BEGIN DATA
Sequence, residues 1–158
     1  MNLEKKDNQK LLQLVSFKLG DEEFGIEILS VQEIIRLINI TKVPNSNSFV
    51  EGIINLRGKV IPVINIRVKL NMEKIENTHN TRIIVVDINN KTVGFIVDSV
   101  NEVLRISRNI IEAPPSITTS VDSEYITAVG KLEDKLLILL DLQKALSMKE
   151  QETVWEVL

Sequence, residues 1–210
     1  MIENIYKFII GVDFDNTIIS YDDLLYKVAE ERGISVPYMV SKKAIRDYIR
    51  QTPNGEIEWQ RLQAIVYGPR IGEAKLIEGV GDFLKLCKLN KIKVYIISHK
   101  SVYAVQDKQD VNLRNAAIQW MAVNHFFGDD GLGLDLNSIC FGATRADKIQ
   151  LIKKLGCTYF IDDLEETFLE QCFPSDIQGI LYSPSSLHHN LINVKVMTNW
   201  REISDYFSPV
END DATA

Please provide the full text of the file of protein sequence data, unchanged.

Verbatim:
Sequence, residues 1–158
     1  MNLEKKDNQK LLQLVSFKLG DEEFGIEILS VQEIIRLINI TKVPNSNSFV
    51  EGIINLRGKV IPVINIRVKL NMEKIENTHN TRIIVVDINN KTVGFIVDSV
   101  NEVLRISRNI IEAPPSITTS VDSEYITAVG KLEDKLLILL DLQKALSMKE
   151  QETVWEVL

Sequence, residues 1–210
     1  MIENIYKFII GVDFDNTIIS YDDLLYKVAE ERGISVPYMV SKKAIRDYIR
    51  QTPNGEIEWQ RLQAIVYGPR IGEAKLIEGV GDFLKLCKLN KIKVYIISHK
   101  SVYAVQDKQD VNLRNAAIQW MAVNHFFGDD GLGLDLNSIC FGATRADKIQ
   151  LIKKLGCTYF IDDLEETFLE QCFPSDIQGI LYSPSSLHHN LINVKVMTNW
   201  REISDYFSPV